Nearly half of all fertility troubles are linked to sperm problems. Here are tips for their proper care and feeding.
Think "fertility problem," and most people assume there's something wrong with the female half of the conception equation. In fact, when couples are having trouble making a baby, what's known as "male factor" is responsible an estimated 40 percent of the time. Here's what a guy can do—and what he should avoid doing—to maximize his chances of making plenty of hardy, healthy, fast-swimming sperm.
Eat Oranges, Not Cheetos: Eating fruits, vegetables, whole grains and low-fat protein helps prevent a man from coming up short on the nutrients necessary for making top-notch sperm; vitamins C and E, zinc and folic acid are particularly important. Over-the-counter supplements such as FertilAid for Men and FertilityBlend for Men, which contain sperm-friendly vitamins and minerals, are safe to take and may help, but there's no proof they boost pregnancy rates.
Review His Medications: Certain drugs, including steroids and those that treat high blood pressure, ulcers, hair loss and depression, may impair a man's ability to father a child. Every medication he takes—over-the-counter as well as prescription—should be checked with his doctor or pharmacist for possible effects on fertility.
Kick Some Butts: Smoking cigarettes creates free radicals that cause cell damage, lowering sperm count and diminishing sperm quality. Dad's smoking habit may also increase his future children's chances of developing leukemia and lymphoma.
Moderate the Mountain Biking: If a man logs a lot of miles mountain biking, he can incur testicular damage that reduces his ability to father a child. Stopping frequently to rest, wearing padded bike shorts and using a padded seat reduce the chance of problems, even if he's a road biker.
Get a Move On: If he's over 30, you may want to get started on the baby-making process. One study of healthy nonsmokers found that 50-year-old men made 20 percent less sperm than 30-year-olds. The researchers estimate that sperm volume and motility (movement) decrease by about 5 percent each year after age 30.
Overuse the Cellphone: Men who talked on cellphones for more than four hours a day produced only 75 percent as many sperm as those who did not use the devices, a 2006 Cleveland Clinic study found. They also had lower-quality sperm, including slower swimmers. Note: The researchers did not ask men about their diet or lifestyle, so the results of this study are not conclusive.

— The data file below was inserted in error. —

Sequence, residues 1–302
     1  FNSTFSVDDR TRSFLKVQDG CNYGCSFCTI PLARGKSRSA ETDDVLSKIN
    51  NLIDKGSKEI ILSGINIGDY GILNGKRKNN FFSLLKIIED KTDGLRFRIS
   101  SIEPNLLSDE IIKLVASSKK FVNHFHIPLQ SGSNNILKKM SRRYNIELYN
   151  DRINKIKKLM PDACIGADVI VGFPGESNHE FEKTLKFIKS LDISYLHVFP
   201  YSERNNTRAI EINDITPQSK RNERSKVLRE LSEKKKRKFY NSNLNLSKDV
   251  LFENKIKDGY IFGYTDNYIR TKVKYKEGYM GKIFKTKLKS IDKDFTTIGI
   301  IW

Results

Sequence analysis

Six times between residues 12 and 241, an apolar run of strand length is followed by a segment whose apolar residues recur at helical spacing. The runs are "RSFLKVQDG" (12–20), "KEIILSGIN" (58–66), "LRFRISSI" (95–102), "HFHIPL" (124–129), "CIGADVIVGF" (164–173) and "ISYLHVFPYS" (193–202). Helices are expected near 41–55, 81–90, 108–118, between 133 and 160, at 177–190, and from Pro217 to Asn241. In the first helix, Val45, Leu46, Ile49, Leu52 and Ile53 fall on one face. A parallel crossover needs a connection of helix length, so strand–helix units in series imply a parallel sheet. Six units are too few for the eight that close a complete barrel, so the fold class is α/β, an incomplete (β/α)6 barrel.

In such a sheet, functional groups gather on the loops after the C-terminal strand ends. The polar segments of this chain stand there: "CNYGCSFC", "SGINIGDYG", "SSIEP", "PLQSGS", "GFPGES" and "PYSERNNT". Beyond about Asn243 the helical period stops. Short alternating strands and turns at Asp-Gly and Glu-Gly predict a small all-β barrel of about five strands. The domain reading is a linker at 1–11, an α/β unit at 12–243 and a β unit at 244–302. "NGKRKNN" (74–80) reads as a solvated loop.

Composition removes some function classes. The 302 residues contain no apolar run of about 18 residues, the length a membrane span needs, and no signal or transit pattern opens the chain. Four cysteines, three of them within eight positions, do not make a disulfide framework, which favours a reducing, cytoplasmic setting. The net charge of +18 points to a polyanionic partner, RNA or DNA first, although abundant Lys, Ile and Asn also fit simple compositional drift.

Get Chubby: In a Danish study of nearly 1,600 men, those who were overweight made significantly less sperm. In addition to having higher sperm counts, men in the normal-weight range—a body mass index (BMI) of 20 to 25—also had a lower percentage of abnormal sperm.
Expose Himself: A prospective dad needs to take care with chemicals, especially if he's a painter, printer, firefighter, agricultural worker or janitor. (A review of 10 years of studies linked these occupations to birth defects.) He should check if his workplace provides proper protection and ventilation.
Do Recreational Drugs: Smoking marijuana turns sperm into hyperswimmers that "burn out" before they're able to make their way to the egg. Cocaine may actually adhere to sperm without hampering its ability to fertilize an egg, increasing the chances that a child may be affected by the father's drug use.
Drink Too Much: Heavy drinking is linked with decreased sperm formation and function. While the precise link between moderate drinking and fertility in men is murky, a prospective father should play it safe by limiting alcoholic beverages to two a day, max.
Too Darn Hot: Sperm thrive at normal body temperature. Wearing tight briefs hikes the heat in the scrotum, possibly suppressing sperm production (though this isn't proven). Laptop computers may do the same: A study at the State University of New York at Stony Brook looked at 29 healthy men ages 21 to 35 and found that balancing computers on their laps for an hour increased scrotal temperature about 5* F.
For everything you need to know to maximize your chances of conceiving, visit our Getting Pregnant feature.